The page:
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Schweitzer takeover bid gets qualified support

BILLINGS, Mont. (AP) -- A pair of investor research firms say strategic missteps by Montana's Stillwater Mining Co. warrant changes within its board, as a dissident investor group that includes former Gov. Brian Schweitzer seeks to oust the company's leadership.

But the firms stopped short of endorsing the call to entirely replace Stillwater's board of directors. They cautioned that some members of Schweitzer's team lack the necessary experience to run the precious metals mining company.

The recommendations from the two firms — Institutional Shareholder Services; and Glass, Lewis and Co. — can carry sway among large investors during takeover battles like the one being waged over Stillwater.

Schweitzer and his allies at the Clinton Group, a New York hedge fund, said Monday that the firms' recommendations underscore investor unease with the only platinum and palladium producer in the U.S.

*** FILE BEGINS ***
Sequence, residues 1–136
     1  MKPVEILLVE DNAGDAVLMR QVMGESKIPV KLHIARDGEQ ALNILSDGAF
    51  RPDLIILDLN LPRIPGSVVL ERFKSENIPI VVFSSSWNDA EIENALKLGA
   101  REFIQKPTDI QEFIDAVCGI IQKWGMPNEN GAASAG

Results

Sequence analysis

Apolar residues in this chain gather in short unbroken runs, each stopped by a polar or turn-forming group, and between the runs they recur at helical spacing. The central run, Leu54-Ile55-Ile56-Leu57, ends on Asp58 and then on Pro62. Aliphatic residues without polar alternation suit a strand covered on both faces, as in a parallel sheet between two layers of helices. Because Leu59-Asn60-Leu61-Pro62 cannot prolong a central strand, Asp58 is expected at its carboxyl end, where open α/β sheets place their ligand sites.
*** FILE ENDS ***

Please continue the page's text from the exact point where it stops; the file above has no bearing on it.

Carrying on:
They pointed to the huge amounts of money Stillwater has spent on foreign mining projects that now face uncertain prospects, including the Altar copper reserves in the Argentina in 2011.

Stillwater Chairman Frank McAllister said he disagrees with the firms' recommendations, proclaiming in a statement that the company "is the strongest it's ever been," even as other mining companies face declining production.

Those claims were cast into doubt by the reports the two institutional investor firms issued late Friday.

Glass, Lewis and Co. said the purchase of Altar in a bid to diversify Stillwater's holdings "backfired," chasing away investors who were once attracted to the company because of its focus on platinum and palladium. And Institutional Shareholder Services noted that the Stillwater's share price has never fully recovered from a sharp drop experienced after the 2011 deal for the copper reserves in Argentina.